Kashmir floods - a story of destroyed ecology
The ravaging Kashmir floods have another story to tell --- devastation of local ecology and natural water system by unplanned development for political reasons. Half of the Srinagar's water-bodies have been lost and the natural linkages waterways cease to exist.india Updated: Sep 16, 2014 20:31 IST
The ravaging Kashmir floods have another story to tell --- devastation of local ecology and natural water system by unplanned development for political reasons. Half of the Srinagar's water-bodies have been lost and the natural linkages waterways cease to exist.
A research paper by Humayan Rashid and Gowhar Naseem of Jammu and Kashmir Remote Sensing Centre found that over 9,000 hectares of water bodies and marshy land was lost due to encroachment and unplanned development between 1911 and 2004.
In 1911, around 13,425 hectares of land was marshy and 4,000 hectares was occupied by water-bodies. A stark change was visible in 2004 with marshy land being just 6,407 hectares and water-bodies occupying 3,065 hectares. The land lost was taken over by infrastructure including roads and buildings very close to river Jhelum, which had caused massive floods in Srinagar valley last week.
The study based on comparison of satellite mapping of 2004 with the ground study in 1911 said the expansion of the city had not only been at the cost of productive crop land and orchard but at a large number of water-bodies and marshy land.
Except Dal, all other lakes in the city are degraded, the study said. A Comptroller and Auditor General's report said that Dal's lake water area is half of its original because of pollution and encroachment. Half of 314 square kms of catchment area of Dal lake is prone to soil erosion because of loss in the forest cover.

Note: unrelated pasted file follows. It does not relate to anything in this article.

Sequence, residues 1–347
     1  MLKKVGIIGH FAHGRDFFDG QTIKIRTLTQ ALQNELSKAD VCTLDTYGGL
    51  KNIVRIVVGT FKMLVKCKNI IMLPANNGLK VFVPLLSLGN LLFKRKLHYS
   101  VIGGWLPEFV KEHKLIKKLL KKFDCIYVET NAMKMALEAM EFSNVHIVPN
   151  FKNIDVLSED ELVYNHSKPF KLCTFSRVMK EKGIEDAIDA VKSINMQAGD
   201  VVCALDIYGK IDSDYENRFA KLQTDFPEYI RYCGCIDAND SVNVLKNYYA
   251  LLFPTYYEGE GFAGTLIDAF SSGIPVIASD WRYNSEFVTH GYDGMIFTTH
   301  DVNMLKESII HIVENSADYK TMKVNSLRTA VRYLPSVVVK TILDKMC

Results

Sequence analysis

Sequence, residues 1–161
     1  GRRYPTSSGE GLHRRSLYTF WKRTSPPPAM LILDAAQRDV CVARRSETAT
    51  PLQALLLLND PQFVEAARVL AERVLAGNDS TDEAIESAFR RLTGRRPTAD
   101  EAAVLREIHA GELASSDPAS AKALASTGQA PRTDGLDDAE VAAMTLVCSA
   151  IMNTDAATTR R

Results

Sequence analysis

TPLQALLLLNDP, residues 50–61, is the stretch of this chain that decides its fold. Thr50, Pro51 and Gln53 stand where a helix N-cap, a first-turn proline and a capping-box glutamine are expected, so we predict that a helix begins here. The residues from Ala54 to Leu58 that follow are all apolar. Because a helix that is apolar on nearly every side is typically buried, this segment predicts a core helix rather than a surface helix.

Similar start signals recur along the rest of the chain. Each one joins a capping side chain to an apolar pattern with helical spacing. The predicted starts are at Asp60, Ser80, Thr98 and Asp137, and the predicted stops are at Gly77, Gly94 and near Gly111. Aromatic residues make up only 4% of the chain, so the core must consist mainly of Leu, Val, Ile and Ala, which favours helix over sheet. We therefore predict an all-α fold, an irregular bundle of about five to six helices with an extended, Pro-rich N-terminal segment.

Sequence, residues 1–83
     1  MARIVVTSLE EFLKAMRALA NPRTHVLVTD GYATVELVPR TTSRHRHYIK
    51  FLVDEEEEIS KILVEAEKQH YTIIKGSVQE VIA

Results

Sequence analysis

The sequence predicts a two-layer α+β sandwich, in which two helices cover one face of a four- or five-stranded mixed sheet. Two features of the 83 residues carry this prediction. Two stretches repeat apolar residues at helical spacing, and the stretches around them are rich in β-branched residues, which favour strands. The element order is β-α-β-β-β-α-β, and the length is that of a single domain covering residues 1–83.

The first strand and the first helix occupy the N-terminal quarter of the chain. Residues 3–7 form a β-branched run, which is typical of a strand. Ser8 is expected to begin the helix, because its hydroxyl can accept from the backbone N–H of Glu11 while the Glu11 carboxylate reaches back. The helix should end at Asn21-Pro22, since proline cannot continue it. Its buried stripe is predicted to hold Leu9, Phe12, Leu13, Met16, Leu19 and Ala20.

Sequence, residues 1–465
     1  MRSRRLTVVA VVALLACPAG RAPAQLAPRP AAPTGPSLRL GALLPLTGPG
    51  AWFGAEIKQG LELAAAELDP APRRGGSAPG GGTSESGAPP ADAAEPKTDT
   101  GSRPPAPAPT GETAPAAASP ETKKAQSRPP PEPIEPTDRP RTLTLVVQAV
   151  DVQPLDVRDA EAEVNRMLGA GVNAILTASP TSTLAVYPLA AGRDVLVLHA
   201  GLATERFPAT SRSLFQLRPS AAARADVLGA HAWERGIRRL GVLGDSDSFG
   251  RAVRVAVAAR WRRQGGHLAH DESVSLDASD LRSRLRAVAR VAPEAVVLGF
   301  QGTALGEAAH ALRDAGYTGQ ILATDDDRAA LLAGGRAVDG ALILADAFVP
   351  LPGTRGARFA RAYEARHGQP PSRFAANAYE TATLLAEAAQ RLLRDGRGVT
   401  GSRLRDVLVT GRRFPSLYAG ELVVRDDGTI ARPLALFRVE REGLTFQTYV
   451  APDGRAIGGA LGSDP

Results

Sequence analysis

Rashid and Naseem's study presented at World Lake Conference in 2008 also said that the city of Srinagar was facing problem of drainage as these lakes used to act as sponges for floods. With most of them vanishing, the city was facing problems of floods from rainfall for three or four days because of excess water flow in river Jhelum.
Loss of water bodies had its bearing on local micro-climate with the mean temperature in summers rising to 39.5 degree Celsius in 2006 as compared to 35.5 degree Celsius in 1973, the study said.
"Srinagar has lost all but one water body and it has been because of some ill-advised urban planning," said Salim Beigh, member of the National Monument Authority at a seminar in Press Club of India. "The government needs to restore the flood plains and rejuvenate water ways to act as cushions for floods".
That's not all.
The Kashmir region had recorded a huge loss of forest since 1992. Comparison of forest survey reports for the period show that the valley lost about 10% of its dense forest cover during the period indicating that ability of forests to retain water has been reduced. It meant more rain water flowed directly into Jhelum river causing flooding.
In 1992, the weather department's report showed that there was almost same amount of rainfall but the water quantity in Jhelum river was about 30,000 cusecs less.
And it was primarily because of better quality forests and water channels to remove excess water from the river, experts said.